CHAOS co-founder Iggi tries to detect diacetyl

The sixth and final doctored beer had a sour aroma and flavor. I picked this up right away as I have been trying to get more and more into sour beers. Believe it or not, the official term for this is “infected” and occurs when bacteria or other microorganisms are introduced to the beer. Brettanomyces is a popular infection right now that elicits a horse blanket aroma and flavor.

After we sampled all of the doctored beers, Nachel led us through some exercises. We were all given a BJCP worksheet and then we tried to match the official taste descriptors to each of the beers. Then, in an effort to test our new smarts, Nachel had us mix up our cups so we didn’t know which doctored beer was which, and then we had to assign them to the appropriate label. This was a little unfair because everyone knew which one was the oxidized beer; it was the most full in everyone’s lineup since no one wanted to sip it! Overall, I did pretty well. I got four out of six matched correctly; I, for some reason kept getting diacetyl and isoamyl acetate mixed up.

As we were getting ready to head out, my hubby pulled out a bottle of our supposed-to-be Scotch ale. Something happened to it during secondary fermentation and it just tastes off. We originally thought it was because we dry-hopped it with Saaz (don’t do that to a Scotch ale) but there is a funky, sour thing going on that makes me believe that there is an infection of some sort. Nachel agreed to let us know his thoughts. We poured him a glass and he stuck his nose in to get the full aroma. I felt bad for him; I’ve smelled this beer on numerous occasions and can’t stand it. He then took a sip and, to my surprise, said that he didn’t detect anything wrong with the beer. All he said was that if we were going to enter it into a competition (uh, we’re not) that we couldn’t put it in the Scotch ale category; it would have to be included as a sour ale. Wow. Was not expecting that. But good to know!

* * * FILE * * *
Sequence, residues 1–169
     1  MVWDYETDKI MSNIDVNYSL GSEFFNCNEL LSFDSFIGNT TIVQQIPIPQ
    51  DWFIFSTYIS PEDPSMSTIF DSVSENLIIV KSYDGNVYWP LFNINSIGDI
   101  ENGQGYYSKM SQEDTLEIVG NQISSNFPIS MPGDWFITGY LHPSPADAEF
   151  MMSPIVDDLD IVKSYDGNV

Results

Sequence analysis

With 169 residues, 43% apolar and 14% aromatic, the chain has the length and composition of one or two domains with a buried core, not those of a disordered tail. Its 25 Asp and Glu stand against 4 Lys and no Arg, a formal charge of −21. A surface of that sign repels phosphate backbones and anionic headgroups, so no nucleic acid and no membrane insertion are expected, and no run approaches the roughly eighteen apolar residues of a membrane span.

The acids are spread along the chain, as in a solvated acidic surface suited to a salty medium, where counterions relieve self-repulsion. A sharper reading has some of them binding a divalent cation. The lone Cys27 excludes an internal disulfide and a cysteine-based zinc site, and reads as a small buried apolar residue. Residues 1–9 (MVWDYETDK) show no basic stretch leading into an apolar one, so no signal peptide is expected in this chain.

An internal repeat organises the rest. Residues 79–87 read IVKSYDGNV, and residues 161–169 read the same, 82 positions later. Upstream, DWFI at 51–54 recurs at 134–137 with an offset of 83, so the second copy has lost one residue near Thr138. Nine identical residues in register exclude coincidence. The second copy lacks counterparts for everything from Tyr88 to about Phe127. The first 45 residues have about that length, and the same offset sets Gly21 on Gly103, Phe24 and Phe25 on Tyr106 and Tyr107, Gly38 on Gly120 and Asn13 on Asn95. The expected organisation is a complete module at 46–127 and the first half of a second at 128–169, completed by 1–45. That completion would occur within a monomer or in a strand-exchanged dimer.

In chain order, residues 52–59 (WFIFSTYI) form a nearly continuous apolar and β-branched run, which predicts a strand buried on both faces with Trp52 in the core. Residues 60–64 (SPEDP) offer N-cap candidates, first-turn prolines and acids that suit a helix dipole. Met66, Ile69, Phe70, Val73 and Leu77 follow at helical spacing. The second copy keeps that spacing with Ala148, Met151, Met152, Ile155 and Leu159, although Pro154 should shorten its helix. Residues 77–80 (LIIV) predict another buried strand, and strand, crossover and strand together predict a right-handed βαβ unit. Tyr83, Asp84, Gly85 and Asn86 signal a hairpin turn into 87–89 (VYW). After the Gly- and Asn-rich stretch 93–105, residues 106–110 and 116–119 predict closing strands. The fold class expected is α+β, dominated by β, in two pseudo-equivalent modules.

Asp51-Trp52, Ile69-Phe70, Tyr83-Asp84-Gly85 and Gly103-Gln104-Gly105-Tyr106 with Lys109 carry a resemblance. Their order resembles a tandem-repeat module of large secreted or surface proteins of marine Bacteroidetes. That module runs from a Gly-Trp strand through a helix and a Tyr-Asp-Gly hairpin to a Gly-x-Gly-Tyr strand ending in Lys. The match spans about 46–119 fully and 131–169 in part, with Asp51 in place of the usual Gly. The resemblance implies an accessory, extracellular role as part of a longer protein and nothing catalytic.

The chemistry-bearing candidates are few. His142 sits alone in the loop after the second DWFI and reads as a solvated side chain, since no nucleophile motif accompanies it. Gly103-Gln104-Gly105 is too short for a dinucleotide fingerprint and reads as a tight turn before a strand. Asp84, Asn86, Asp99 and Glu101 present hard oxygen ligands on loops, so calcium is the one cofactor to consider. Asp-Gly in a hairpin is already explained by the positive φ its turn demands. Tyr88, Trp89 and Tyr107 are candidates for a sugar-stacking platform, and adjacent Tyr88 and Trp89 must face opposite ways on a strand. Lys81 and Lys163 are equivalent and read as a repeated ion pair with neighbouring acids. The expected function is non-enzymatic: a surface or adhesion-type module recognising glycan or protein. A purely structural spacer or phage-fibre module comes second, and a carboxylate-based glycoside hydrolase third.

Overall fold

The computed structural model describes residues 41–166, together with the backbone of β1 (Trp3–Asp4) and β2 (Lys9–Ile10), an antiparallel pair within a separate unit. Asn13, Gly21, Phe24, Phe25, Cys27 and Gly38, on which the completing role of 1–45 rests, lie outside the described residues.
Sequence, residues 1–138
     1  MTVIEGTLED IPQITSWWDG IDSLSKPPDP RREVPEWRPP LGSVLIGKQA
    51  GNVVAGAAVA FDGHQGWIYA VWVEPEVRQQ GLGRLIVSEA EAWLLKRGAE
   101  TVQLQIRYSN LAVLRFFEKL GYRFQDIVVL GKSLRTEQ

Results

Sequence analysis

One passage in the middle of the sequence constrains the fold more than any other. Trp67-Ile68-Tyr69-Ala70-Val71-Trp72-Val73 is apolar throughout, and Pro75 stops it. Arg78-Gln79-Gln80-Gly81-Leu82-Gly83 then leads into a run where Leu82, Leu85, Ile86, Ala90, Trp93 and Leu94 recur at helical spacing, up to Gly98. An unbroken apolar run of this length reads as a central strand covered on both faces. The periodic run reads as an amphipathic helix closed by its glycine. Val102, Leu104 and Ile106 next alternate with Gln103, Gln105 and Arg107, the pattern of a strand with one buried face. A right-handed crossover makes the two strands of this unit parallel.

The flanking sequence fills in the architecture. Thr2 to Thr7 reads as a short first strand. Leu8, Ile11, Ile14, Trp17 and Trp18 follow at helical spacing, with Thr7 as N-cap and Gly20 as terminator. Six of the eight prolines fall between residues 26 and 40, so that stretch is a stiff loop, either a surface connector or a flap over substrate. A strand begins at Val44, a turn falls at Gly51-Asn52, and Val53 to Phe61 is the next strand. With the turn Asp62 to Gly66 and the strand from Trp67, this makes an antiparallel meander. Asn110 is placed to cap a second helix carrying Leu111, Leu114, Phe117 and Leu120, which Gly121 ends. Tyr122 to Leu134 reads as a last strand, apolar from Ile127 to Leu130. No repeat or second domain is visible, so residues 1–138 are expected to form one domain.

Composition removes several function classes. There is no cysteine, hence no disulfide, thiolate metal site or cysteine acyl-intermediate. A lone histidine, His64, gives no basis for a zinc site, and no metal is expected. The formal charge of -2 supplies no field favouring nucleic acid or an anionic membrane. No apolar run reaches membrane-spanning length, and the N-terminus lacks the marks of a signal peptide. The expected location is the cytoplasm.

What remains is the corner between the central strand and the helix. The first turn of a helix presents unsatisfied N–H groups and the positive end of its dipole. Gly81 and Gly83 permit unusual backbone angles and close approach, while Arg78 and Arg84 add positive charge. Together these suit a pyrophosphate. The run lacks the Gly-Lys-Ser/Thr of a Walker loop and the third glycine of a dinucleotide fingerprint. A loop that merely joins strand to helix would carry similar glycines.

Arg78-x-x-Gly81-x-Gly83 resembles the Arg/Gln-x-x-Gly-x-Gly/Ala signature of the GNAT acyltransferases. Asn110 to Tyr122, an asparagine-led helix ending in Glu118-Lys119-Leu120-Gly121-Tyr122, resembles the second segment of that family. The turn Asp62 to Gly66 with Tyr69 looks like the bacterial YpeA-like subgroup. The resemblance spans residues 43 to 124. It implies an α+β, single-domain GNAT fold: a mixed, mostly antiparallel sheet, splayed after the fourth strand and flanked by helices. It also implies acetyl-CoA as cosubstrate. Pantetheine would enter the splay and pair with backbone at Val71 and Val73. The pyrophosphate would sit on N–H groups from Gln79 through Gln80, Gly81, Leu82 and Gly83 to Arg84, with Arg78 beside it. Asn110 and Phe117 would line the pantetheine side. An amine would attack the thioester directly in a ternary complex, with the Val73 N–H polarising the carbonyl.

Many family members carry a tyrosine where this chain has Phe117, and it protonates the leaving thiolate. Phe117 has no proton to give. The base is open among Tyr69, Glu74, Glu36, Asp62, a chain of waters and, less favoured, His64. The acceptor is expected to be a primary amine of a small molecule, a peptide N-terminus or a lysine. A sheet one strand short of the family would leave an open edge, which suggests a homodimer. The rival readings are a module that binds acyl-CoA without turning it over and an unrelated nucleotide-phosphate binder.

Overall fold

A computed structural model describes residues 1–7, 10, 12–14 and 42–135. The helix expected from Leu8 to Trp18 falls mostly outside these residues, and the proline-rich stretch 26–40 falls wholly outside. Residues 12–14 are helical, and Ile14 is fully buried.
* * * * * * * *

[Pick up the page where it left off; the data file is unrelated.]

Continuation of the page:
This was a great class, and it really makes you think. I was expecting to be able to pick up more of the impurities than I did; I thought I had a pretty good palate. But this class allowed me to better understand my strengths and weaknesses so I know where I need to improve. There has been great interest in these classes so I am sure CHAOS will host them again. If you are interested, keep a look-out on the CHAOS website. Or if your own homebrew club is interested in having Marty Nachel conduct a similar class, shoot him an email at aleconner@aol.com.

5 Responses to “Getting Educated! Beer Sensory Class at CHAOS Brew Club”

  1. Marty Nachel

    This is a very good summary of the Basic Beer Sensory Class and I appreciate your posting it. You did a near perfect job of documenting everything, but in the interest of clarity, I feel I need to make two small corrections.

    1). In discussing oxidation, particularly in regards to barleywines and other higher ABV beers, what I said was misinterpreted. Oxidation in the early stages is “papery”, in the advanced stages, it’s “cardboardy” and in the well-aged stage, it takes on “sherry” notes (not cherry).

    2). While still discussing the staling of beer (oxidation), I never used the word “skunky” because it bears no relation to this off-aroma/flavor. Skunking in beer is altogether different from staling. The official term for a beer that gives off a skunky character is “lightstruck”; this is due to light –whether incandescent, florescent, or sunlight– affecting hop components in the beer. Where staling often takes weeks and sometimes months to manifest itself in beer, skunking can happen in mere minutes.

    Cheers!
    -Marty Nachel